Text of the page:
Art for the people: Finding Marc Chagall’s work in public places

    Chagall Four Seasons Mosaic

    Marc Chagall, one of the most famous artists of all time, brought his Jewish aesthetic to everything he did. The artist famously declared, “If a painter is Jewish and paints life, how can he help having Jewish elements in his work! But if he is a good painter, there will be more than that. The Jewish element will be there, but his art will tend to approach the universal.”

    Chagall’s early work captured shtetl life in rural Belarus, where he was born. Unlike many Modernist artists who looked for exotic subjects, Chagall found material in the everyday traditions from his childhood, Russian folk art, and his roots in Hasidic Judaism.

    The People’s Voice

    When Fascism marched through Europe in the 1930’s, Chagall’s work became more political. He began painting Jesus Christ as the original Jewish Martyr. In White Crucifixion, painted after Kristallnacht in 1938, he depicts Jews subject to violence. Homes and synagogues burn in the background, while Christ, wearing a prayer shawl in place of a loincloth, dies in the center.

    White Crucifixion

    In 1937, Chagall’s art was among 650 works from German museums confiscated by the Nazis for an exhibit mocking and disgracing “Degenerate Art.” He found refuge in the United States in 1941, after the director of New York’s Museum of Modern Art personally added him to a list of European artists who needed protection from the Nazis.

    Throughout his long career, Chagall often brought his talents to projects intended for the public. You don’t need a museum pass to enjoy some of his most colorful work. You just need to know where to look.

    1Churches and Cathedrals

    One of nine Chagall windows at St. Stephen’s Church in Mainz, Germany

    Chagall’s use of bright colors and dreamy images is ideal for stained glass, and he produced windows for many houses of worship. St. Stephen’s Church in Mainz, Germany, features nine Chagall stained glass windows with biblical themes.

    In France

    Reims Cathedral, France
    Biblical-themed windows at Reims Cathedral in France.
    Metz Cathedral, France
    Biblical-themed windows at Metz Cathedral in France.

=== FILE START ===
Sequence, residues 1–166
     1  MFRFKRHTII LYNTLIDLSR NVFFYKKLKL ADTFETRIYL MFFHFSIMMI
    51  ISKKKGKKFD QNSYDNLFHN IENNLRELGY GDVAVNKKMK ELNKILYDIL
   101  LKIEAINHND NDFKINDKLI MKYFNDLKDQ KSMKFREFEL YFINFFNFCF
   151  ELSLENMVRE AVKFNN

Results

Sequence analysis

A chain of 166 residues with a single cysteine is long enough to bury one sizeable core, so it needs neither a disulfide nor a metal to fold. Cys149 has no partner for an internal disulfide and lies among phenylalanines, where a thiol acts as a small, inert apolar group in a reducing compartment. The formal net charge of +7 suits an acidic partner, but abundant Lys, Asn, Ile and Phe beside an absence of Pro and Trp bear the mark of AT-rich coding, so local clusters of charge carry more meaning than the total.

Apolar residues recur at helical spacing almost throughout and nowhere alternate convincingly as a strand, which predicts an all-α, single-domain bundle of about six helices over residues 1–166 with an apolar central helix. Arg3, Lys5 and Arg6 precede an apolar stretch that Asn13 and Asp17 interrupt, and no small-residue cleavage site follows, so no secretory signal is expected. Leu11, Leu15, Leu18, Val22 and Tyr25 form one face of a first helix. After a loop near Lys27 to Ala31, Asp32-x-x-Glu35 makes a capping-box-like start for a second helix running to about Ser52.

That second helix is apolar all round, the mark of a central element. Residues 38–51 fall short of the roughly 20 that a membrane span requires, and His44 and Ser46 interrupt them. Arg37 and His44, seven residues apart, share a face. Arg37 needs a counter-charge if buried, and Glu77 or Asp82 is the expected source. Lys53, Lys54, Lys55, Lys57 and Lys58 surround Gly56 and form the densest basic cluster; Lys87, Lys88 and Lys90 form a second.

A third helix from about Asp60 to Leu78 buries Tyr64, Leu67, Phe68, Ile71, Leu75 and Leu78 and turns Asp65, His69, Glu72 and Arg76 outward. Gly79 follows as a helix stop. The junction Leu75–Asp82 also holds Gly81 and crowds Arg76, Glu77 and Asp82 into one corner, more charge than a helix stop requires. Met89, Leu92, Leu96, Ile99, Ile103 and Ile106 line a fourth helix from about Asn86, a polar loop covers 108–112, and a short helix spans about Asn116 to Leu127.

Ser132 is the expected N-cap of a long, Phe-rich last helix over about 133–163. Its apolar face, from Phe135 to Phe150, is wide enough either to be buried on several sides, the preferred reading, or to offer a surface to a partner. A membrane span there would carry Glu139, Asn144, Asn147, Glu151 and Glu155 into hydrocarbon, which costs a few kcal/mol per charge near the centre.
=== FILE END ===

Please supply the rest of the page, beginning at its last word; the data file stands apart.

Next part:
In England

    All Saint's Church in Kent
    The All Saints’ Church in Tudeley, Kent, England, is the only church in the world in which all of the stained glass windows were designed by Chagall.

    In America

    Union Church of Pocantico Hills
    There’s even a church in America with Chagall’s windows. At the tiny, non-denominational Union Church of Pocantico in Tarrytown, NY, you’ll find nine colorful windows, including a Good Samaritan window dedicated to John D. Rockefeller. This country church also features a rose window by Henri Matisse, his last work of art before his death in 1954.

    2Public Buildings

    Chagall Mosaic Wall

    In Chicago, don’t miss the Four Seasons at the Chase Tower. Chagall made this 70-foot ceramic wall mural entirely of mosaic tiles. The wall was donated to the city of Chicago by the late American investor Frederick H. Prince.

    Hadassah Hospital

    Chagall Hadassah Windows
    Chagall also created stained-glass windows for the synagogue at the Hadassah Ein Kerem Hospital in Jerusalem.

    The Knesset

    The Knesset
    If you ever tour the Knesset, your guide will be sure to point out the mosaics and tapestries Chagall made for the Israeli parliament building.


    In 1964, Chagall also provided the ceiling fresco for Garnier Opera, a Paris landmark and the setting for the wildly popular musical The Phantom of the Opera. Surrounding a large, sparkling chandelier directly in the center of the ceiling, the Modernist style painting includes stills from operas by 14 different composers, including Mozart, Wagner, and Stravinsky.

    Metropolitan Opera House Chagall mural
    Marc Chagall painting a giant mural for the Metropolitan Opera House in New York City.

    Keep your eyes open wherever you travel, because no matter where you go, there might be an original Chagall out there around the next corner.

    Ben Fisher is a singer-songwriter based in Seattle. He lived in Israel between the predominantly Arab East and predominantly Jewish West Jerusalem for three years and used his experience there to write his folk/Americana album, Does the Land Remember Me?